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Conference Paper

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Asia's rapid urbanization and growing incomes have resulted in a corresponding booming market in motor vehicle sales. In 2013, an estimated 18 million new passenger cars were sold in China. Motor vehicle users generate congestion, pollution, accidents, noise and road damage. Yet, in most cities motor vehicle users often do not pay the full social costs and are therefore implicitly subsidized by non-users. According to the Tom Tom Traffic Index, which is based on GPS data, motorists in the worst congested cities in developed countries spend up to 40% more time for peak hour commutes. This level of delay is relatively benign when compared to the congestion problems in many developing country cities where traffic jams of the ‘monster’ variety have on occasion stretched on for over 100 km and lasted for several days. Congestion and pollution are examples of instances of market failure which justify government intervention. That these problems persist and have grown in magnitude reflect government failure to adequately implement policies to address these issues.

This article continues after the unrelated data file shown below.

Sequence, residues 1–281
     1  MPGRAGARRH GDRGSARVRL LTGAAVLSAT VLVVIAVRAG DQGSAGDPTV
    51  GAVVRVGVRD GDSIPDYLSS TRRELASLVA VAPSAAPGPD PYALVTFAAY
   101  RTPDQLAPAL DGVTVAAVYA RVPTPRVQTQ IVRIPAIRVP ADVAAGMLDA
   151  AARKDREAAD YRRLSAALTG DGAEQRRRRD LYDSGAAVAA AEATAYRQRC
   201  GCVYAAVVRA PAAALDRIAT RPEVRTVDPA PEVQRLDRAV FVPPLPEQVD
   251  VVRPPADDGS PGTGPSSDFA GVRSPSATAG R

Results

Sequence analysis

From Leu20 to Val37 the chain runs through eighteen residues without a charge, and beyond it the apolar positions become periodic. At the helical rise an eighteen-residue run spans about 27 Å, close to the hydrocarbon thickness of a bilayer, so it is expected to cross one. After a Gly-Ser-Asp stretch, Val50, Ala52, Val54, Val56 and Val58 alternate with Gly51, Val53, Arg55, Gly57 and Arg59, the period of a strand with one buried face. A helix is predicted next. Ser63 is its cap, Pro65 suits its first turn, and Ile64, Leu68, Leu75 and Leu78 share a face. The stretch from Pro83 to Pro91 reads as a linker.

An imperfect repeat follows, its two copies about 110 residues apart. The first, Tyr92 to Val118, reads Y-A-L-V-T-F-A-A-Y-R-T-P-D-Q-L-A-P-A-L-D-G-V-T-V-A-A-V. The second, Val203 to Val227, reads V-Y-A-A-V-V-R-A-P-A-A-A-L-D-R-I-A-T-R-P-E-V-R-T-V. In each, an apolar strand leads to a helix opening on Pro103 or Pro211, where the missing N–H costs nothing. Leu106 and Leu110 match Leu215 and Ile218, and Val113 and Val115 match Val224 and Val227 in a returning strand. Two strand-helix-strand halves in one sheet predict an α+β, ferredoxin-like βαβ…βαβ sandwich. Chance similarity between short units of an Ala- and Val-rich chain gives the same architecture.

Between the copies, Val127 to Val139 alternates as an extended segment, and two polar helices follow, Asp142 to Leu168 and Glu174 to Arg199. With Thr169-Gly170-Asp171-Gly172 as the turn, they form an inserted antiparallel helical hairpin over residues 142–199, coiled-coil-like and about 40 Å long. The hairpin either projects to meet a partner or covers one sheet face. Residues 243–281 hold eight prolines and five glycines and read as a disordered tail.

Asia, motor vehicles, traffic congestion, transport policies


Asian Studies | Economics | Transportation

Research Areas

Applied Microeconomics


Asia Public Policy Forum 2014: Urban Transport and Land Use in Rapidly Growing Asian Cities, 5-6 June 2014

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Last Page


City or Country

Ho Chi Minh City

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Creative Commons License

Creative Commons Attribution-Noncommercial-No Derivative Works 4.0 License
This work is licensed under a Creative Commons Attribution-Noncommercial-No Derivative Works 4.0 License.